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11 January 2019, 07:28 | Dale Webster
Radio Signals From A Galaxy Light Years Away Have Been Reported
A telescope in Canada picked up mysterious signals emanating from a distant galaxy.
Another clue is that of the 13 FRBs detected by CHIME, the majority of them showed signs of scattering, which is caused by the "different rays of light from the fast radio burst taking a slightly different path because of some material in-between the fast radio burst and the telescope", Pleunis said.
More likely, CHIME's Shiryash Tendulkar says, is the possibility that they come from a "very strongly magnetized, rapidly spinning neutron star called a millisecond magnetar". As the Earth rotates, the portion of the universe in that small sky section is visible to the telescope, which was designed specifically to monitor FRBs.
In 2017, Professor Avi Loeb from the Harvard-Smithsonian Centre for Astrophysics his colleague Manasvi Lingam proposed that FRBs could be leakage from planet-sized alien transmitters, reported The Guardian.
The two sets of repeating bursts would help scientists understand what distinguishes repeating signals from single bursts, their source, and also watch out for future radio bursts. It's believed there could be about 1,000 FRBs in the sky every day.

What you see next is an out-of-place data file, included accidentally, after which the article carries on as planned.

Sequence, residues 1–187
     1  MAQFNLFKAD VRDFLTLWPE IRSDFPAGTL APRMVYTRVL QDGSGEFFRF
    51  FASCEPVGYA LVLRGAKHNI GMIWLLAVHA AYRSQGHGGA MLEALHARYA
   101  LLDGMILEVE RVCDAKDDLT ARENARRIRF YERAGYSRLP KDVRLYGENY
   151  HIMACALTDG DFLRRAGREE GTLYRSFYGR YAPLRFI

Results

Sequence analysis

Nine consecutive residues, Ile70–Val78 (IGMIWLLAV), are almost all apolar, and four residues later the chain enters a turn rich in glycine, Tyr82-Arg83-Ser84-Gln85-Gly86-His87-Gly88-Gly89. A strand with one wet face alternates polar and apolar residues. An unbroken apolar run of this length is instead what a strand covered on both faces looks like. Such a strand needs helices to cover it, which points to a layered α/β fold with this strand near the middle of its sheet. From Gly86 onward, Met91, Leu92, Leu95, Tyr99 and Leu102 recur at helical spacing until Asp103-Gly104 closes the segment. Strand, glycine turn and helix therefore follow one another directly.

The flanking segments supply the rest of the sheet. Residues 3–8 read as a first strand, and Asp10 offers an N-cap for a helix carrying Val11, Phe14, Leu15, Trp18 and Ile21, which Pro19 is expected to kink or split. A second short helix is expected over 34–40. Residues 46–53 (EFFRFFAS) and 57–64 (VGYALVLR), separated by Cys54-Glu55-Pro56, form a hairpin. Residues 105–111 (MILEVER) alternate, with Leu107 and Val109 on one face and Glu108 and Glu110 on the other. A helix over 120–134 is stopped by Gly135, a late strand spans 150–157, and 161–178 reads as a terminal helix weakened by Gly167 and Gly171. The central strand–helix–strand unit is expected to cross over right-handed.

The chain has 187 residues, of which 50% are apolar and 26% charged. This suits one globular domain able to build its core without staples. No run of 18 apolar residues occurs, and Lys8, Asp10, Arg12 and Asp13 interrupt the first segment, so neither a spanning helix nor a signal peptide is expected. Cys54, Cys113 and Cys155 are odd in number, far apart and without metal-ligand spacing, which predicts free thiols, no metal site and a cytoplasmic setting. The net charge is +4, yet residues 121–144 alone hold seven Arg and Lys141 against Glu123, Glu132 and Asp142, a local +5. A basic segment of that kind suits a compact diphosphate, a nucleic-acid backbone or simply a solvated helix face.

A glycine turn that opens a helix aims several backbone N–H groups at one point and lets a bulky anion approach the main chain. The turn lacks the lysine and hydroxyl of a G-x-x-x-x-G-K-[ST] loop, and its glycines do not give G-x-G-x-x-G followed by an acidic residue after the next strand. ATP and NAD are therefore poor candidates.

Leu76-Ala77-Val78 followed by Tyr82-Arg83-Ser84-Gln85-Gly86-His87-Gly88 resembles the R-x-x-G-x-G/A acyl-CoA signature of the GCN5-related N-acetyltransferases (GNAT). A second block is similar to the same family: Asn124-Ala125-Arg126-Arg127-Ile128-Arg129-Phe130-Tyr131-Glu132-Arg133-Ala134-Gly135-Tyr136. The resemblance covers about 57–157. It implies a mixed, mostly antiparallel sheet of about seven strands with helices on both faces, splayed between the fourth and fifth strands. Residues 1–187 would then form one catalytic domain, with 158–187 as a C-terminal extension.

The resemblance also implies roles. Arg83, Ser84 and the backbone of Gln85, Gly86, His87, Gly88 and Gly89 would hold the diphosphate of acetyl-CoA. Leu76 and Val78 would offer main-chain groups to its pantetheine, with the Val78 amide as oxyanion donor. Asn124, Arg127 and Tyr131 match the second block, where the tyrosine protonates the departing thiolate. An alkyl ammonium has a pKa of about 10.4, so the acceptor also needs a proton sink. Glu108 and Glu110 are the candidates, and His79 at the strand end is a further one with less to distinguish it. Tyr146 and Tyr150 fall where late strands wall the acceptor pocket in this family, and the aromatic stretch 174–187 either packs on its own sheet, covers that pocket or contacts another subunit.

These are fast radio bursts, some of the most enigmatic phenomena in astronomy. Only 60 FRB sources have been detected, including the 13 announced today.
Some of the signal-scattering patterns suggest that the sources of the bursts have to be in special types of locations - for example, in supernova remnants, star-forming regions or around black holes. Interestingly, some the signals follow a repeating pattern, per Science News, so they don't appear to be random in nature.
Unlike typical FRBs that come and go, the discovery of a repeating FRB is vital to increasing our understanding of them, as we are able to train our radio telescopes towards them to study them further. The project wasn't yet living up to its full potential, suggesting that there are plenty more bursts to be discovered.
The mystery stems from the fact it is not known what could produce such a short and sharp burst.
The low frequency of this new detection could mean that the source of the bursts differ. The source of this repeating FRB is located about 1.5 billion light-years from Earth, which is considerably closer than FRB 1211012, which was twice as far away.
A number of speculations have been made about what could be causing the radio bursts - with theories ranging from stars exploding to alien life, however, currently, there is little evidence to prove either.
"Knowing where they are will enable scientists to point their telescopes at them, creating an opportunity to study these mysterious signals in detail", Stairs said. That tells us something about the environments and the sources. While interesting, these new observations, he said, can not tell us about the nature of these sources-at least not yet.
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